A further difficulty is that one also needs to ask by which criteria to judge the state of affairs one hopes to bring about. Who says that a state of affairs in which a wife endures the separation from her husband and perhaps even endures death to remain faithful to him in the flesh is worse than a state of affairs in which she positively seeks out relations with another man and returns home with that man’s child? Who, after all, can tell how the story will end in the long run? Jealousy may yet win the upper hand in the husband who files for divorce or takes to the bottle to drown his pain and commits suicide.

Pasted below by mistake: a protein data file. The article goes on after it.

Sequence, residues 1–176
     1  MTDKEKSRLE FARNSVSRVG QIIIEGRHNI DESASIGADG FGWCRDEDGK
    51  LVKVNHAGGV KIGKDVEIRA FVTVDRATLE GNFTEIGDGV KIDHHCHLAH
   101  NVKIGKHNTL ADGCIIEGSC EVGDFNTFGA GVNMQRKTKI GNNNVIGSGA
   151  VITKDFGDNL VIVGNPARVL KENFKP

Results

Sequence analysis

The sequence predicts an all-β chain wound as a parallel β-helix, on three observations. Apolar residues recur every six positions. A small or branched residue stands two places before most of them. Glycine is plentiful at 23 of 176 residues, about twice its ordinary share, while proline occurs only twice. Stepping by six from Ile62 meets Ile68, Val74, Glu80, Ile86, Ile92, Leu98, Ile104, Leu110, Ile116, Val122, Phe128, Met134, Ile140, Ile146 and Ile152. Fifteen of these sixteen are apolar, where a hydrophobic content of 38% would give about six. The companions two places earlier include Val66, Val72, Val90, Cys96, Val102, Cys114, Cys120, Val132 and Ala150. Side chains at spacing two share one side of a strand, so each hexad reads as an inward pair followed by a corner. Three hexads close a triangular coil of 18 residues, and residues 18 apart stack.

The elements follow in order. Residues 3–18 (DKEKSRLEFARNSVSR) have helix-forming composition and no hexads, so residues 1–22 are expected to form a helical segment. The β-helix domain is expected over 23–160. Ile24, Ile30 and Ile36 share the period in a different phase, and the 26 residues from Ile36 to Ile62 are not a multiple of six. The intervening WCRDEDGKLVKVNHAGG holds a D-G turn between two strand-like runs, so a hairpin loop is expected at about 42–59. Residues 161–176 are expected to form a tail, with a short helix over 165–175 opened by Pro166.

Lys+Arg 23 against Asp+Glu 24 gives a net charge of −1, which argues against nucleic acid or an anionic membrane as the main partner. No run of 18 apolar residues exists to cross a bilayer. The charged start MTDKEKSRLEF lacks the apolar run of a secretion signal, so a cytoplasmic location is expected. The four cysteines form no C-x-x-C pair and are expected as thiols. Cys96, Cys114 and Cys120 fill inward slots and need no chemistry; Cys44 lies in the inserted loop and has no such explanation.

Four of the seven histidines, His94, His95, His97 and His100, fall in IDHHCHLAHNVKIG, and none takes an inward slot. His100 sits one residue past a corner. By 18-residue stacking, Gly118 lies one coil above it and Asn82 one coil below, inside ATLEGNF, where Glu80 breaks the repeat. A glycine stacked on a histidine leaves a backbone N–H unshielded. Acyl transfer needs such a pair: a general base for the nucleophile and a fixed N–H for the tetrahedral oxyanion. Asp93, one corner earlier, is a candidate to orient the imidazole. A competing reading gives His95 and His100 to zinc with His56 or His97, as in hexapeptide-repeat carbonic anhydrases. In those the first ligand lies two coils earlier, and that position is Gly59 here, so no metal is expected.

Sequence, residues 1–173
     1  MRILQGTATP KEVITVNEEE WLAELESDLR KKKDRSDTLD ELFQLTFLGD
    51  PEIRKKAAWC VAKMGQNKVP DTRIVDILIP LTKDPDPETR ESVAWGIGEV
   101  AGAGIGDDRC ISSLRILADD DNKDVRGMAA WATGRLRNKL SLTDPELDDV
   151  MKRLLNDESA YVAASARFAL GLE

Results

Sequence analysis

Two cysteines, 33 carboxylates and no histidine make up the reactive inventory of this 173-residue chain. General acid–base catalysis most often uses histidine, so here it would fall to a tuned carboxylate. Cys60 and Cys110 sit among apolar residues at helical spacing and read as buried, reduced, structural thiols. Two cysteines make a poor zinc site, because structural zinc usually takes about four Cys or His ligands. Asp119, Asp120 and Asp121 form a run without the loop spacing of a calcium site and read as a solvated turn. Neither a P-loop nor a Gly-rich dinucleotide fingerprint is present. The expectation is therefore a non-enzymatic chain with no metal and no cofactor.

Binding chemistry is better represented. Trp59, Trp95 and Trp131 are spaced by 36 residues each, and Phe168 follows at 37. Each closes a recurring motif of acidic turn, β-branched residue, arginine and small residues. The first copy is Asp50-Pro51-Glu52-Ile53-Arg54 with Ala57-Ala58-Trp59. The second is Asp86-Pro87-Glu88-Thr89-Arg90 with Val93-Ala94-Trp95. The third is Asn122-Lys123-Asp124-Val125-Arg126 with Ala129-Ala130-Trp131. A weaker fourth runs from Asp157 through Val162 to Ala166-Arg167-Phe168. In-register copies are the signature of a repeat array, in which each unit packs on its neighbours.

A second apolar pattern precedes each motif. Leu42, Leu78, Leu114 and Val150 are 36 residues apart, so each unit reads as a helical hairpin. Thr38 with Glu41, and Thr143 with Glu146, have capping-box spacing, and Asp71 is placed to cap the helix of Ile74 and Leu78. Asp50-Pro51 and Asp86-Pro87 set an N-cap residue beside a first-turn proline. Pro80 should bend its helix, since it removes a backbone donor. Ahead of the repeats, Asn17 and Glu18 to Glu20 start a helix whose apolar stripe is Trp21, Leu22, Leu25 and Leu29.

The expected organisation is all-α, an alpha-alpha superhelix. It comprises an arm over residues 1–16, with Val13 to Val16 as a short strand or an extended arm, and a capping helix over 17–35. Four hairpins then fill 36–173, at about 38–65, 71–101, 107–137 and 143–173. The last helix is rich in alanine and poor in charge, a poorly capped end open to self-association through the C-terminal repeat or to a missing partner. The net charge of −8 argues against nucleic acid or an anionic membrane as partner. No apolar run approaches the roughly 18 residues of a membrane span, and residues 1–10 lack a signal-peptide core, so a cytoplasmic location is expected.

Are we indeed called to love states of affairs? Isn’t the moral life about actions as they bear not on future situations to be brought about but on persons who are already present? The classical idea that there are acts that must never be done depends on this understanding of love as willing the good for the other. This concept of love is the necessary condition for being able to identify specific objects of our choices that can never be authentic goods for those we love, ourselves included. The need to exclude certain choices has to do with the very conditions under which our existence is given to us. We are bodily, sexual, rational beings: our bodily life, our sexuality, and our relation to truth are inseparable from our personal existence. These realms touch us in our deepest being. Independent of one’s reasons and motivations, one cannot kill an innocent victim and ask him or her not to take it “personally.” One cannot instrumentalize another person sexually and say one willed this act as a good for that person. One cannot deceive a person about a critical fact touching his or her life and meaningfully declare to have done so out of love, if by love we understand the willing of the good for the other. A lie is not a good that corresponds to the beloved any more than is death or mutilation or sexual instrumentalization. The moral life is played out in the concrete willing of the good for the other, in the act of choice and not just in the intention, in choosing the good and not just in intending the best. This is why even a pagan thinker like Aristotle was able to conceive of some particularly shameful kind of acts that “we cannot be compelled to do, and rather than to do them we ought to die after the most terrible suffering.”